Quest vitamin D test reports provide the concentration of total 25(OH)D in a patient’s serum, the total 25(OH)D reference range, and the suggested cut points to define optimal, insufficient, and deficient vitamin D statuses.

Tests using the liquid chromatography-tandem mass spectrometry (LC-MS/MS) method also provide the concentration of 25(OH)D2 and 25(OH)D3. Neither reference nor interpretative ranges have been established for these components of total 25(OH)D.

No. Special patient preparations are not required prior to testing.

Medicare includes coverage for vitamin D testing in patients at high risk for deficiency.

At-risk categories for vitamin D deficiency include the following:

  • Osteoporosis
  • Osteomalacia
  • Rickets
  • Obesity
  • Chronic kidney disease (CKD) stage III or greater
  • Long-term use of medications known to lower vitamin D levels (anti-seizure medications, glucocorticoids, AIDS medications, antifungals, cholestyramine)
  • Malabsorption syndromes including inflammatory bowel disease, Crohn disease, cystic fibrosis, history of bariatric surgery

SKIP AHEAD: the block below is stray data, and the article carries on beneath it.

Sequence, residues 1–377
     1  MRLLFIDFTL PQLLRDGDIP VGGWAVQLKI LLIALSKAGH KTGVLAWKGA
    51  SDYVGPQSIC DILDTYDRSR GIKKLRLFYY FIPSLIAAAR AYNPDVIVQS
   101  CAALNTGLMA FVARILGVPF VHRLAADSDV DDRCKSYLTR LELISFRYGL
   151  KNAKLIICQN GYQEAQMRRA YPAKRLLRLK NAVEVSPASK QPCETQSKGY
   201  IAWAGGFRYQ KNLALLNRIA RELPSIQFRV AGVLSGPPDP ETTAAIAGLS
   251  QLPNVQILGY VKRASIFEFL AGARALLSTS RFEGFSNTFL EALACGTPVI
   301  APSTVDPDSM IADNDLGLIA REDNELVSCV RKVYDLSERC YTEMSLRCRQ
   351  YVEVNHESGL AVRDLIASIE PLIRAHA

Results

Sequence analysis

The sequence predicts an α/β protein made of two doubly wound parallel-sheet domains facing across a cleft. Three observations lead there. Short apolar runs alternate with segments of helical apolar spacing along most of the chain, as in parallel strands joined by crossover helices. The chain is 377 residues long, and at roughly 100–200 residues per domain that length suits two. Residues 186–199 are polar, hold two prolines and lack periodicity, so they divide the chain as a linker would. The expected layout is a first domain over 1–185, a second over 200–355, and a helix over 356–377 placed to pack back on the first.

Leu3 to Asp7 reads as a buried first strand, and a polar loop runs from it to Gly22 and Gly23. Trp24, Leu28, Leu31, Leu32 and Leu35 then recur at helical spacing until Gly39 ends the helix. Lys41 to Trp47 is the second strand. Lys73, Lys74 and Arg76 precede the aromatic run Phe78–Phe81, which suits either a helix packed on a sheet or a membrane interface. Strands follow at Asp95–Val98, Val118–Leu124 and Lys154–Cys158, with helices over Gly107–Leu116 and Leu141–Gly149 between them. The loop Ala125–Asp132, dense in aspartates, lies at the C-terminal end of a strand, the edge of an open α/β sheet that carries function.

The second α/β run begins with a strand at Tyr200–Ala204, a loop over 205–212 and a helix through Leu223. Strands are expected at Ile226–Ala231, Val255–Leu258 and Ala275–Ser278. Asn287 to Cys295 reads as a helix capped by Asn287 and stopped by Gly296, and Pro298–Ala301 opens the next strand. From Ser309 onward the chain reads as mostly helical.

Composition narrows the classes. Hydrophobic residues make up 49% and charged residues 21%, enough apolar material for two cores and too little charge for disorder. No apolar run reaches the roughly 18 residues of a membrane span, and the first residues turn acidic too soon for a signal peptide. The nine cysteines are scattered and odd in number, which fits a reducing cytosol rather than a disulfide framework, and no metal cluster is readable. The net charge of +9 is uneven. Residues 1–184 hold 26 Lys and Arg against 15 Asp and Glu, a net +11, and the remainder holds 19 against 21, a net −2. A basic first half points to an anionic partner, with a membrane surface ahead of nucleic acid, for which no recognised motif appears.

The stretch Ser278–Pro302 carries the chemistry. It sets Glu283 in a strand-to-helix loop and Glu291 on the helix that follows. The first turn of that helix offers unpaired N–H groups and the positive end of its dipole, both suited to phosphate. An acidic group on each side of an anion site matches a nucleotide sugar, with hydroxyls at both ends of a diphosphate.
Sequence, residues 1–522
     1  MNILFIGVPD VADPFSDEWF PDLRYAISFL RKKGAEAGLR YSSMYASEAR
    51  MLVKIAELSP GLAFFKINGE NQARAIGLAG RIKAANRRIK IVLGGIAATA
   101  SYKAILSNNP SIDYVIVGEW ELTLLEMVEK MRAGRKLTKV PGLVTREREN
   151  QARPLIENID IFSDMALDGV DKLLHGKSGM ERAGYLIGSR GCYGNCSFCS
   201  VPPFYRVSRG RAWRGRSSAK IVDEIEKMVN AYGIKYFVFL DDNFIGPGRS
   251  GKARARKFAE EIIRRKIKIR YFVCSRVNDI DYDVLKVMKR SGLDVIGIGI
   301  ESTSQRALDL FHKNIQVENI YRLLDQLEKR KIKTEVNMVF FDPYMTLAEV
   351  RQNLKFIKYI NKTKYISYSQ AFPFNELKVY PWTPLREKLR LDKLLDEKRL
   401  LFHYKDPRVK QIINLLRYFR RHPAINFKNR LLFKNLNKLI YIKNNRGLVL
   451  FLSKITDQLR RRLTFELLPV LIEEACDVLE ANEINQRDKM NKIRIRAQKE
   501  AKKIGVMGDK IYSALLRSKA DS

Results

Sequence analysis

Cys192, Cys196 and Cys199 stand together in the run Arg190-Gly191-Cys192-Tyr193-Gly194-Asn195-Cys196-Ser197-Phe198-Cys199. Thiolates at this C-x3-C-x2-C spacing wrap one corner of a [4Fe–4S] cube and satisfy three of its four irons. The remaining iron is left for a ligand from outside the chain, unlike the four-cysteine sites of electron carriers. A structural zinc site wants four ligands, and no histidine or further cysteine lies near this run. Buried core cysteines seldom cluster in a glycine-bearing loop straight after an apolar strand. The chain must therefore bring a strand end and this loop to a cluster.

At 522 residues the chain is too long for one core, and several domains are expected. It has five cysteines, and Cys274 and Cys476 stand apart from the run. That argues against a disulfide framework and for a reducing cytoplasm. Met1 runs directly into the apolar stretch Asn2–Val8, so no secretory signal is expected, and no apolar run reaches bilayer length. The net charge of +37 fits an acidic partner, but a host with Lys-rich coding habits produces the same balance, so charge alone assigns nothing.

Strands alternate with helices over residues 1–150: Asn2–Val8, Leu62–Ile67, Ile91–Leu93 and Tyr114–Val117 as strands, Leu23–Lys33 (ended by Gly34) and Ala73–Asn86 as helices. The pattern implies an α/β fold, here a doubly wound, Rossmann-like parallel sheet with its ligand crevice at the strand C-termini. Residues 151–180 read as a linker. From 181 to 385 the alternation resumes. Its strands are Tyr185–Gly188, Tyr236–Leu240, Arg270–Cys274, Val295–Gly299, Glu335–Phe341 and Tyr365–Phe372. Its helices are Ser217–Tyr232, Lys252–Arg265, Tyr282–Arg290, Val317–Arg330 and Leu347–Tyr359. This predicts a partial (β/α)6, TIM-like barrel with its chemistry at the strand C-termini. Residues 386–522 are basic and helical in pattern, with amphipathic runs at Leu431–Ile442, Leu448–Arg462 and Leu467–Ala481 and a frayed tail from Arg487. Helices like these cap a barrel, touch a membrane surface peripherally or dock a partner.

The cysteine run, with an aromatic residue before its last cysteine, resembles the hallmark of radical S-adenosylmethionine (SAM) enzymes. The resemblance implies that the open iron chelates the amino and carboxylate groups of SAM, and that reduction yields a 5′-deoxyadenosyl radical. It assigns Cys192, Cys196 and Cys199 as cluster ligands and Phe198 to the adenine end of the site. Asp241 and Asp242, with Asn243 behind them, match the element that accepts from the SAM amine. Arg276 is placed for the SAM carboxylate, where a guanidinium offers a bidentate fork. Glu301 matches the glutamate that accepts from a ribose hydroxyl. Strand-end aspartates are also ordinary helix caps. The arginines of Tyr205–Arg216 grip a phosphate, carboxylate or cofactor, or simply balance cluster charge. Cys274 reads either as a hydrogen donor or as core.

• Hyperparathyroidism
  •  Liver cirrhosis
  • Certain lymphomas

In some jurisdictions, coverage for at-risk patients includes testing up to 3 times per year.

In most jurisdictions, Medicare has expanded coverage for vitamin D testing for obese patients (BMI ≥30). When ordering tests for these patients, be sure to include the appropriate ICD-10 code to support accurate payment and reduce disruptions. For obesity, these include Z68.30–Z68.45. For a list of top diagnosis codes used by ordering physicians, visit


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  2. Thacher TD, Fischer PR, Singh RJ, et al. CYP2R1 mutations impair generation of 25-hydroxyvitamin D and cause an atypical form of vitamin D deficiency. J Clin Endocrinol Metab. 2015;100(7):E1005-13. doi:10.1210/jc.2015-1746
  3. Fu GK, Lin D, Zhang MY, et al. Cloning of human 25-hydroxyvitamin D-1 alpha-hydroxylase and mutations causing vitamin D-dependent rickets type 1. Mol Endocrinol. 1997;11(13):1961-1970. doi:10.1210/mend.11.13.0035
  4. Schlingmann KP, Kaufmann M, Weber S, et al. Mutations in CYP24A1 and idiopathic infantile hypercalcemia. N Engl J Med. 2011;365(5):410-421. doi:10.1056/NEJMoa1103864
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This FAQ is provided for informational purposes only and is not intended as medical advice. Test selection and interpretation, diagnosis, and patient management decisions should be based on the clinician’s education, clinical expertise, and assessment of the patient.


Document FAQS.199 Version: 1

Version 1: Effective 12/21/2023 to present

Version 0: Effective 07/31/2018 to 12/21/2023